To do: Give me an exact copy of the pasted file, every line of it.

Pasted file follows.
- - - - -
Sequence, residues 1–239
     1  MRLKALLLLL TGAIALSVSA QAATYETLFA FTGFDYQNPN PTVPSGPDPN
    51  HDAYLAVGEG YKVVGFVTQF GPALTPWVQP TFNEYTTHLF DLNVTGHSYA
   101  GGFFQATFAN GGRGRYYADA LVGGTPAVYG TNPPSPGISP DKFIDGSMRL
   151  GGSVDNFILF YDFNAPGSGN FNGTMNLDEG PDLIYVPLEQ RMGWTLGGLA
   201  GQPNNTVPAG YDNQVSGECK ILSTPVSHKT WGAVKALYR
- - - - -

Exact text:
Sequence, residues 1–239
     1  MRLKALLLLL TGAIALSVSA QAATYETLFA FTGFDYQNPN PTVPSGPDPN
    51  HDAYLAVGEG YKVVGFVTQF GPALTPWVQP TFNEYTTHLF DLNVTGHSYA
   101  GGFFQATFAN GGRGRYYADA LVGGTPAVYG TNPPSPGISP DKFIDGSMRL
   151  GGSVDNFILF YDFNAPGSGN FNGTMNLDEG PDLIYVPLEQ RMGWTLGGLA
   201  GQPNNTVPAG YDNQVSGECK ILSTPVSHKT WGAVKALYR